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'This is a person-to-person profession' | Dr. Monifa McKnight named new Montgomery Co. Public Schools Superintendent

"The first is rebuilding trust within our community," Dr. McKnight said in reference to her top priorities.

ROCKVILLE, Md. — The Montgomery County Board of Education voted unanimously to appoint Dr. Monifa McKnight Tuesday morning. 

WUSA9 Megan Rivers sat down is Dr. McKnight to discuss what her focus is now that she is no longer the interim superintendent.

McKnight said the first thing she plans on working on is rebuilding trust within the community after the impact of COVID-19 and the stress and instability.

"It's caused our community in so many ways to be very focused in a very individual way," explained McKnight. "Everything about a school system is that you have to think about your neighbor." 

She says COVID-19 continues to be a point of concern for students, teachers and staff, and parents. 

“There was learning disruption that occurred that has to be remedied in many ways," McKnight said. "We've seen that conflicting with them [students] being ready to learn because there are other needs that need to be met first."

Masks have become a big topic of discussion across the state. On Tuesday, Governor Hogan said he plans to lean on state school authorities to relax mask guidelines. 

RELATED: Gov. Hogan plans to lean on state school authorities to relax mask guidelines

McKnight says there is a lot of discussions to be had with local health officials and county leaders. 

Reporter: Do you see a possibility where masks will not be worn in Montgomery County Public Schools?

"As we know, every jurisdiction in the state of Maryland is different and we want to be able to take into consideration where we are as a community and how that fits into the next steps for our school system,” explained McKnight.

As a former teacher herself, McKnight says classes were able to engage in virtual learning because it had to be done. She believes the impact of that time period is being felt now. 

"I think it's important for us to remember why we came into this work that does really depend on that teacher-to-student relationship,"  she said. "That teacher-to-teacher relationship, that helps teacher "A" become better because of the collaboration they do with teacher "B." And that really does require being together. This is a person-to-person profession."

This is the first academic school year where SROs were not in Montgomery County High Schools. Earlier this year, a student was shot at Magruder High School.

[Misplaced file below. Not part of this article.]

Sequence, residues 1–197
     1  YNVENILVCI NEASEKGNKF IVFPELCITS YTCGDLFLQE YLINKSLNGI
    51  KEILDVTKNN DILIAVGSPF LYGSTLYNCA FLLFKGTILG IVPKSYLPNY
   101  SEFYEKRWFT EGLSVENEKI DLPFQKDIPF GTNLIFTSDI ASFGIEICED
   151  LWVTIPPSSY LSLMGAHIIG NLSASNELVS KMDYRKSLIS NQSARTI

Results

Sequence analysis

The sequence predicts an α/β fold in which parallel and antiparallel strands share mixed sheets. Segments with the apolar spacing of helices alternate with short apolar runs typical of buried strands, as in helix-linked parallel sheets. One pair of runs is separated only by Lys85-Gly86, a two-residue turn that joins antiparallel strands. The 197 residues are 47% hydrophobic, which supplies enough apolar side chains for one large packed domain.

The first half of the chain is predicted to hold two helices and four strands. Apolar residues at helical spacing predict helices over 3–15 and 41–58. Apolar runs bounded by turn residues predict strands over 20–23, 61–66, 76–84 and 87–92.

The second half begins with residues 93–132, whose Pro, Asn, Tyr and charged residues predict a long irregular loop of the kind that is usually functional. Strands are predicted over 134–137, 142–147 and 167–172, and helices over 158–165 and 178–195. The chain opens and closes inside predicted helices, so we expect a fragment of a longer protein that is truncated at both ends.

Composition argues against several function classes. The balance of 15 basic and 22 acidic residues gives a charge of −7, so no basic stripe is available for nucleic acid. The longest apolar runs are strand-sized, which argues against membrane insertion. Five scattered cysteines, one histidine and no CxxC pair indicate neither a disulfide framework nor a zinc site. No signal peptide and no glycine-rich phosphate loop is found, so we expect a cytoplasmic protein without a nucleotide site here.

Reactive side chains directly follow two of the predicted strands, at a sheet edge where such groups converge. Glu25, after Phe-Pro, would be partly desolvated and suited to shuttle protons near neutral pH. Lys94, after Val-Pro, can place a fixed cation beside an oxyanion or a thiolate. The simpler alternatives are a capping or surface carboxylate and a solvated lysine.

McKnight said there were benefits to the SRO program but also drawbacks, as is the case with any program in the school system. She said recently the Board of Education was presented with a plan with some adjustments. Some of the changes make it so Community Engagement Officers, otherwise known as CEOs, have the opportunity to connect more frequently with principals.

"Another big component of the change in the program is being intentional about how those CEOs are building relationships into that and establishment of programs with our students in a very proactive manner, like the DARE program," explained McKnight. "And starting with our students and not just interacting with them to manage environments in the secondary schools, but establishing that relationship with elementary, middle, and high. We found success in the school system in having that interaction, that involvement through those programs."

Even with the changes, McKnight says the school system cannot solve all the problems alone. It has to be a collective conversation.

"What are we going to do as a community to address ghost guns not being available to our students? What are we doing to strike the balance with families who do decide to have a weapon in their home?" questioned McKnight. "There, just given those examples, you see the responsibility of legislators and how they have to make sure that's put into writing. What is the responsibility of our parents? What's the responsibility of community leaders to say, what do we need to do to solve this problem? To keep our children safe? And we all do that together, we're ultimately going to have safer schools because everyone's owning the problem."

RELATED: Dr. Monifa McKnight officially appointed as MCPS superintendent

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